A recent conversation:

You're getting older.

Aren't we all?

I guess so, but it beats the alternative!

We're all part of that particular club once we're born - not a very exclusive club, but for the most part, it has a lot of great members. And whether we're on the early side or the later side of the process, there are some things we can do to make "down the road" a little easier.

Generally, we're pretty much occupied with life by just living; then some event comes up and slaps us in the face. That's when we need information right now, thank you. We all make decisions moment by moment, day by day all our lives ... until we can't. Then what?

The obvious answer is that someone else steps in and makes them and hopefully, their decisions about you are at least close to what you want. Yep - we're back to the ever popular and cheerful subject of crisis and/or end-of-life issues. There are documents that can be completed in order for your wishes to still be heard when you can no longer articulate them. And while these are all good ideas, it would be a disservice to state they alone will guarantee your desired outcome. At the very least, your preferences will be known to family and medical professionals.

So let's take a very brief look at some things that might be useful:

? Advance Directives/Living Wills/Health Care Directives, etc. - information regarding your choices for health care if you become unable to communicate them yourself. (Which, if any, life-sustaining efforts do you want to have?)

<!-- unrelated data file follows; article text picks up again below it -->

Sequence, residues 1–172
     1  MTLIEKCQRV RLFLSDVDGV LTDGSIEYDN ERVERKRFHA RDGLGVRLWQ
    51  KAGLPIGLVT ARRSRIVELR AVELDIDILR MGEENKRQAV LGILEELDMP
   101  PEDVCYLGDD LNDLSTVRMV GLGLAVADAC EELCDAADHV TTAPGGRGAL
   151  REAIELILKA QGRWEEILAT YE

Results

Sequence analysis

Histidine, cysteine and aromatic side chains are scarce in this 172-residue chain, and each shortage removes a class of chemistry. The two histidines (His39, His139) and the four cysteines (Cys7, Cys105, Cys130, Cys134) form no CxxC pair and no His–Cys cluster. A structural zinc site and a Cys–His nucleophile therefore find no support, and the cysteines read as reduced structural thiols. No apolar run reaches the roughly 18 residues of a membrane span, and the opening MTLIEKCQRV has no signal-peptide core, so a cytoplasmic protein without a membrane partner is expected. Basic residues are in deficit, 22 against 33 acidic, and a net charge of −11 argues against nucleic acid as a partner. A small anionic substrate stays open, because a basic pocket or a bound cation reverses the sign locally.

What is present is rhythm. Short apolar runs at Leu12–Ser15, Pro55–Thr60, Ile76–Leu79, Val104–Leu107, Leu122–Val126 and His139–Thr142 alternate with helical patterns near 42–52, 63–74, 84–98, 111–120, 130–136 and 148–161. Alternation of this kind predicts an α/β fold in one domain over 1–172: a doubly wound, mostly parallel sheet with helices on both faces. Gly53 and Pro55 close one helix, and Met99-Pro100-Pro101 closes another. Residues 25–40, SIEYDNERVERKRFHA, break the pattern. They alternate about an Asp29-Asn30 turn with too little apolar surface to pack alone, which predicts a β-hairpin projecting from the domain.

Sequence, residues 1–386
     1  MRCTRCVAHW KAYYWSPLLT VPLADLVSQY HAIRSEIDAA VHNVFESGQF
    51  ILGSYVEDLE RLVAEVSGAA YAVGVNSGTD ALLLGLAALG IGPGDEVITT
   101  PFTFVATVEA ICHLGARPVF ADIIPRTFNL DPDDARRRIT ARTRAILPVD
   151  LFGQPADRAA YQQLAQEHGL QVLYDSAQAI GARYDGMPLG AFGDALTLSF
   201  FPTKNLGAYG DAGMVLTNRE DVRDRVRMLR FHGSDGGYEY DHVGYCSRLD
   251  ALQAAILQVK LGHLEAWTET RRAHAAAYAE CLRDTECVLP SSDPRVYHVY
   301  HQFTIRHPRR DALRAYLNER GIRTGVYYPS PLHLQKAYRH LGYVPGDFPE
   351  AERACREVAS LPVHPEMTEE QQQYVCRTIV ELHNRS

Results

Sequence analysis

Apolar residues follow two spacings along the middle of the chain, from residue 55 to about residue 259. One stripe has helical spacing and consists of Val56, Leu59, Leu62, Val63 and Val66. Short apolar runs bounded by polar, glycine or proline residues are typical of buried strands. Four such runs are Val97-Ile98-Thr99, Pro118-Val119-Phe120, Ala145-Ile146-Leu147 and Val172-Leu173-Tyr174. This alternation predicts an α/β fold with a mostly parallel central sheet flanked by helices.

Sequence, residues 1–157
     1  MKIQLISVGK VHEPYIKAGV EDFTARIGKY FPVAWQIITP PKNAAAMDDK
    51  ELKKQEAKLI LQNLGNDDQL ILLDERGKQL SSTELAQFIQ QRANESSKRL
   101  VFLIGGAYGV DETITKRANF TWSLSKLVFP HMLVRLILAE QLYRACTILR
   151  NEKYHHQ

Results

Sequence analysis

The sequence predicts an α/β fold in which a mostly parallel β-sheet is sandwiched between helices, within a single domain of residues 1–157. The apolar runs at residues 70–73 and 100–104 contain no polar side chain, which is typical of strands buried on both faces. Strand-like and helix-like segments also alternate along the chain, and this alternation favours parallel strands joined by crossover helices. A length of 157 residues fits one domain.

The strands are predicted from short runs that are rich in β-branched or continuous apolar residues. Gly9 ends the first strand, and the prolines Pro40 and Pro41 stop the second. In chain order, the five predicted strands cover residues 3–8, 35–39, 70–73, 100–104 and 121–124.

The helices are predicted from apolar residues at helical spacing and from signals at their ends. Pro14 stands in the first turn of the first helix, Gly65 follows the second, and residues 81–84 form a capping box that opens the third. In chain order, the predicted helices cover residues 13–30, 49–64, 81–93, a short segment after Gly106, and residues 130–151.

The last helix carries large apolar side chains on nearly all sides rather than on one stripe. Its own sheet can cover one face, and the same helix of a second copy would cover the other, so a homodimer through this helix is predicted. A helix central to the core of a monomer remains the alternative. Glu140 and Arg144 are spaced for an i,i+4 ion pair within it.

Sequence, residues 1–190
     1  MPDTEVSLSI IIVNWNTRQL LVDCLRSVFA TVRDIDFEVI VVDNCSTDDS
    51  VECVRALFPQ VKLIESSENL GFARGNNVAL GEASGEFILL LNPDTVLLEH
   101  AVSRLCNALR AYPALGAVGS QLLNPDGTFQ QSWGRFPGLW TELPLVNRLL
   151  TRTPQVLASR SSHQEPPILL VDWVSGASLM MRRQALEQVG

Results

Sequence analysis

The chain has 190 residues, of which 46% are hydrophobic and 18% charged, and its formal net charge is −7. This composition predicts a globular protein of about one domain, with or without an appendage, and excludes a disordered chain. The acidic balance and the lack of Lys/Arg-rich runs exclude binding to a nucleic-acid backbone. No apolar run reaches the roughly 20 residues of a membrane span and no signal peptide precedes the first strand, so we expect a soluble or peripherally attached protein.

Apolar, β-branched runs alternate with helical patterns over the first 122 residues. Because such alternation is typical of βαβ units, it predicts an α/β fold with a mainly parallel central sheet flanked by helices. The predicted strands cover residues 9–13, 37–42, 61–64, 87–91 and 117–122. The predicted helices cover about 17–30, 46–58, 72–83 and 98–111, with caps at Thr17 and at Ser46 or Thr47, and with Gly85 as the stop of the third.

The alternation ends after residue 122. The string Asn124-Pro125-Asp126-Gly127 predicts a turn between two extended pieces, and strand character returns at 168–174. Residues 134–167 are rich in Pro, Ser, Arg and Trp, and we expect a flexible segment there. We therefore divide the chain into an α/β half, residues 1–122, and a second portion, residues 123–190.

? Durable Power of Attorney (DPOA) for healthcare - allows someone you have designated to make the care decisions on your behalf should you become incapacitated. (Note: a general Power of Attorney [POA] only remains in effect when you are capable of directing and granting permission) In other words, you have authorized someone to be your voice. For more information regarding these, visit the Washington State Law Helps at www.washingtonlawhelp.org.

? Physician Orders for Life-Sustaining Treatment (POLST) - covers the details of what type, and to what extent, you desire treatment to sustain your life. This document is signed also by your physician and covers everything from types of respiratory support to CPR efforts. Again, decisions you previously made in place for when you are unable to make your desires known. For the form and more information, see the Dept. of Health website at www.doh.wa.gov.

Spending just a few minutes on the websites mentioned can get you a lot of information in a relatively short time, and it's information that is actually understandable! Obviously, this stuff requires some serious thinking. However, if you want to continue your decision-making even when incapacitated, there is a way.

And by the way, be sure and let your designee and/or family know your decisions and where you've put the documents. A voice isn't a voice unless it's heard.

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